Sunday, June 3, 2007

My friend gets beaten by the Lebanese police

I have just learned that my friend X, who is Palestinian was stopped today arbitrarily and beaten by the Internal Security Forces, the official police force of Lebanon. I haven't been able to talk to him but the story I have heard from a reliable source is that he was stopped by a patrol in Hamra, near Barbar, one of the busiest spots in Beirut. I think he was stopped because he is dark skinned, and there is a common perception among racist Lebanese (a significant proportion of the country) that the Palestinians are "dark" while the true Lebanese are fair. Everyone knows the Phoenicians descended from the Norse: they were both sea faring people.

He was asked for his ID, and when they found out that he is Palestinian, they forced him to lie on the gound for half an hour after which they beat him and kicked him and then told him to go. Just like that, in the middle of the day, in the middle of the busiest district in Beirut. His crime: he is Palestinian.

Many people have forgotten how the Lebanese war started in 1975. All that remains in the selective memory of the Lebanese is that the Palestinians started a war to take over Lebanon and make it into Palestine, and that the Lebanese were getting along fine till the Palestinians forced them to fight each others. People actually believe that. But I remember otherwise. I remember when being a Palestinian in Lebanon was the worst thing that could happen to you, when they were stopped and beaten by the Lebanese police for no reason beside their being Palestinians. I remember this incident I witnessed in 1973, in a service (shared taxis) that was bringing me back from school. I was 15. There was a young man next to me and the car was stopped by a police checkpoint. The young man was asked for his ID and he said in a heavy Palestinian accent that he didn't have it and that he had left it in the pocket of his other trousers. The policeman started shouting: "you damn liar, you are Palestinian and you say you have two trousers! Who do you you think you are lying to?" And they beat him and took him away.

When the war started in 1975, I was not surprised when the Palestinians and their Lebanese allies vented their frustration on the police and took their cars and burned them and ridiculed them.

For a people that is always bragging about its unsurpassed contribution to humanity, I find many Lebanese surprisingly lacking in one of the most essential determinants of intelligence: the ability to learn.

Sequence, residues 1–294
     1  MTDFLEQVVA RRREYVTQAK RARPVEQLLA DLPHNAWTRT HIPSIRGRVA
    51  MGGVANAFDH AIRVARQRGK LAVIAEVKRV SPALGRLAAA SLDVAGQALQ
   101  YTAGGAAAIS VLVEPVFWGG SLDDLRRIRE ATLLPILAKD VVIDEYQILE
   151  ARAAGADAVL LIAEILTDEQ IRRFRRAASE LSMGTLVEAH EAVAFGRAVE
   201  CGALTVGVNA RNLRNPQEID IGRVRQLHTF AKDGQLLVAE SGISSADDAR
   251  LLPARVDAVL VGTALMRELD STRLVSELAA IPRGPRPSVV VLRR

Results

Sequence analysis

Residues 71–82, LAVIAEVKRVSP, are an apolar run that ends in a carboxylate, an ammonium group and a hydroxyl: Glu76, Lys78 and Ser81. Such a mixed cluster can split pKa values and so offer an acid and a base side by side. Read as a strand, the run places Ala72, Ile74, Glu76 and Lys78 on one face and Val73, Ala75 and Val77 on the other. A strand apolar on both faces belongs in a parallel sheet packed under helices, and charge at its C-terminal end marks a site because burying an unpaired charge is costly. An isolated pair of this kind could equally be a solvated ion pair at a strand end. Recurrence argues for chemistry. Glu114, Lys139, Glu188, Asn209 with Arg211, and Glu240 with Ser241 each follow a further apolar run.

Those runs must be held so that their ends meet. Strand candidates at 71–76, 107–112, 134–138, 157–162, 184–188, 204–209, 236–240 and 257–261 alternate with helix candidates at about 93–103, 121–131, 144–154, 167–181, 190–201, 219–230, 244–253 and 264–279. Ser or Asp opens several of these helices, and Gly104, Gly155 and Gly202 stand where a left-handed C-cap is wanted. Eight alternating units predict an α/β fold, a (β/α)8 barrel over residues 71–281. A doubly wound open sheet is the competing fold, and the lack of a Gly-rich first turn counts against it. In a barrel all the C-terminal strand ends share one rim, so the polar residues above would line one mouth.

Excuse me if I have lost my appetite.

7 comments:

As'ad said...

Rami. We need to get this story out. Would you call Khalid Saghiyyah at AlAkhbar and Hanady at As-Safir?

Merijn said...

Hello Rami,
we met at the souk el tayeb just 2 wks ago (the two dutch foody girls) and unfortunately did not go with you to the south as you know. this fall we hope we will be back,hopefully then we can go with you to experience and taste! Just now reading your blog. there is more than just one truth, so we listen. see you soon again!
Merijn Tol

Nadia Zerouali said...

Thank you for opening our eyes to the horrific things happening to the Palestine people....

Kamal said...

Rami,

I do not question the pre-war story you desribe. It is a standard checkpoint narrative. Lebanese civilians, like their Palestinian brothers, have suffered at checkpoints Israeli, Syrian, and Lebanese militia.

But don't forget, the Palestinians had 'military' checkpoints of their own before and during the war, where they interrupted, bullied and humiliated Lebanese civilians at will. They especially picked on Christian civilians. This fueled resentment to the armed Palestinian presence in Lebanon. You can't simply ascribe the Lebanese case against the armed Palestinians in Lebanon to 'racism'.

I paraphrase your statement:

When the war started in 1975, I was not surprised when the Lebanese allies vented their frustration on the Palestinians...

Kamal said...

Let me add: I am very sorry to hear about your friend. Anti-Palestinian Lebanese racism DOES exist, and it surges in the context of clashes like we are presently experiencing. It is the responsibility of each Lebanese (myself included) to combat this cultural feature.

JoseyWales said...

I find many Lebanese surprisingly lacking in one of the most essential determinants of intelligence: the ability to learn.

Yep, no racism nor stereotyping there.

Sandra said...

How can the lebanese think that those that are dark in lebanon has to be Palestinian when most lebanese are dark-skinned? That's just crazy.

I know many Palestinians that are blond or/and lightskinned.